Another challenge is getting stuck in traffic on the way to a flash flood site. Singapore’s fickle weather means heavy rain can stop after just 15 minutes. “I need to reach flash flood locations in the quickest time possible, so I sometimes get frustrated when our vehicle is stuck in a jam,” says Mr Decry.

But even if he arrives at the site after flash floods have abated, there are ways to check on water levels so he can report back. For instance, Mr Decry looks for flood marks like leaf debris left behind on walls.

Following Mr Decry and his team’s reports and feedback, PUB officers will visit the sites to further investigate the causes of flash floods. They will check, for example, whether they need to upgrade the drain, or do minor modifications to the drainage system, says Mr Choy. He adds that the Quick Response Team’s work helps PUB come up with long-term solutions to prevent a flash flood from happening at the same site again.

Dry runs
Fair weather doesn’t mean a dry spell of work for the Quick Response Team. Even when skies are clear, Mr Decry is out of the office, carrying out his routine duties.

It's Raining Man!
Mr Decry and colleague Azriel Lai conduct a routine check on a drain in Whampoa.
It's Raining Man!
They use a handheld CCTV to check for blockages in drains.

Every day, he checks the drains under PUB’s charge for chokes or defects that may contribute to flash floods, as well as damaged railings that could be dangerous for the public. He collects water samples for laboratory testing, when there are cases of suspected water pollution. He also visits dengue hotspots to check that drains are working well.

The Quick Response Team also responds to calls for assistance from the public or directs them to the appropriate government agency. The team often has to retrieve items that have fallen into drains or canals, such as balls and mobile phones, and even have had to rescue dogs.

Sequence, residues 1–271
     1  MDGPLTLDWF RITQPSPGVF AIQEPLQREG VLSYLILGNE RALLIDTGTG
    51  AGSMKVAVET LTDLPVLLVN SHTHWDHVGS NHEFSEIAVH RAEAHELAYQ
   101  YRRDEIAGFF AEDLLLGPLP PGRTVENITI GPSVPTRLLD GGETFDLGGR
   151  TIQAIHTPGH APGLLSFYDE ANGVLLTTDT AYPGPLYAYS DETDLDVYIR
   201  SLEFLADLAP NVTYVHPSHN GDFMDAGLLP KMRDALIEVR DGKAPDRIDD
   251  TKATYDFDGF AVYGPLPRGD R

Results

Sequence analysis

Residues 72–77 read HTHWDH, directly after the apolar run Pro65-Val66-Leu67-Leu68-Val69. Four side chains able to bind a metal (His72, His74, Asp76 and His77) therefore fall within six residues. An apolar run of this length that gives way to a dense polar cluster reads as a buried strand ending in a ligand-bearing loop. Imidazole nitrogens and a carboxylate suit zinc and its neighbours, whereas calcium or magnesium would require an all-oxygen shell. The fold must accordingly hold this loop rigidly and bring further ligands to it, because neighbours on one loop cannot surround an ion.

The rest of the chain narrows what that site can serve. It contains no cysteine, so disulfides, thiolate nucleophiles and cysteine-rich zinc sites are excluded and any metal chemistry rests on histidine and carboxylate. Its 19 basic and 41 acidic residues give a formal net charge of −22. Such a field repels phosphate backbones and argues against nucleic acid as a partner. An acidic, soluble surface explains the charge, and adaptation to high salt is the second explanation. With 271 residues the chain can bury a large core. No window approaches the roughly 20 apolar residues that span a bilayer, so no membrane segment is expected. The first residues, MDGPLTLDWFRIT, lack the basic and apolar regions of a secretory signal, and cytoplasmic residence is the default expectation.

Mr Decry remembers getting an urgent request for help on Christmas Day 2012, just as he was knocking off. A member of the public had dropped a skateboard into a canal. Although it was after office hours, he and his colleague activated their contractors to meet on-site. Eventually, the skateboard was retrieved.

“The customer was very thankful for our help,” says Mr Decry. The woman’s young son had been playing with the skateboard, a Christmas gift, when it fell into the canal.

Gestures of appreciation from the public keep Mr Decry going. “I enjoy being able to resolve customers’ issues and seeing their happy or relieved faces. And it’s a new case every time.”


It's Raining Man!

After 14 years at PUB, Mr Decry can more or less tell whether rain will be heavy or last long. “I’ve learnt how to spot where the rain is moving, and whether it’s going to grow or dissipate.” He combines information on wind direction, provided by the National Environment Agency, with some basic calculations. “If the wind blows to Singapore from the south, and the speed is 20 to 25 kilometres per hour, we can expect [the rain] to clear within half an hour, provided it doesn’t grow,” he shares.

    Mar 7, 2014
    Siti Maziah Masramli
  • link facebook
  • link twitter
  • link whatsapp
  • link email